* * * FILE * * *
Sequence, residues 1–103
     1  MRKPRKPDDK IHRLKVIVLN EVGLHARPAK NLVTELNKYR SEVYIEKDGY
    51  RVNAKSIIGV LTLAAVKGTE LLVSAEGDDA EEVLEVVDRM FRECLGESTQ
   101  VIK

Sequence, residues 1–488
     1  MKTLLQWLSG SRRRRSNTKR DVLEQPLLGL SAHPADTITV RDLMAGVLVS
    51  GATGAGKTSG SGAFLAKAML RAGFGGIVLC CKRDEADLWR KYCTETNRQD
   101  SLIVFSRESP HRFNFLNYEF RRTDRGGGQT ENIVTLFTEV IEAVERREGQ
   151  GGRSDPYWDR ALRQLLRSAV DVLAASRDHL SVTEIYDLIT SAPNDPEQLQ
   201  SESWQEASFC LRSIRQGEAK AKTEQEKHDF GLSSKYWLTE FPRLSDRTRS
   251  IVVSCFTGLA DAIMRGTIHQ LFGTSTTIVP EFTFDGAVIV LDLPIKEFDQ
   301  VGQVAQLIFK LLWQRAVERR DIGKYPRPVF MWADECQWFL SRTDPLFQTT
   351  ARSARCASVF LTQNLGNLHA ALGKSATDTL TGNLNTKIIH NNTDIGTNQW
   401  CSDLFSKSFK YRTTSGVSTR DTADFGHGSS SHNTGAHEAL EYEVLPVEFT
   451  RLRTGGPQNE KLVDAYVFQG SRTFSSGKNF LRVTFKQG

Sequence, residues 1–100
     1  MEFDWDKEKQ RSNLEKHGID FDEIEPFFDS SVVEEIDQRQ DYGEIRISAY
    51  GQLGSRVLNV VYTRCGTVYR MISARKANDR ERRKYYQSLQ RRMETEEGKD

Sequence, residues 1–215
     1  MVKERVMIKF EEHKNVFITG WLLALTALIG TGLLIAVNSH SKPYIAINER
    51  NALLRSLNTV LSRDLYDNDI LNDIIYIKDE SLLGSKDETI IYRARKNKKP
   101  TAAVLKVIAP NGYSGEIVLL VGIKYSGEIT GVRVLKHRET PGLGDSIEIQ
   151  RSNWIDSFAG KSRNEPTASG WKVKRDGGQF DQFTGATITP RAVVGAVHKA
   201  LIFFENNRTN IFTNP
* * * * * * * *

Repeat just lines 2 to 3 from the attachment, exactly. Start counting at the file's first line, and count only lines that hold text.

     1  MRKPRKPDDK IHRLKVIVLN EVGLHARPAK NLVTELNKYR SEVYIEKDGY
    51  RVNAKSIIGV LTLAAVKGTE LLVSAEGDDA EEVLEVVDRM FRECLGESTQ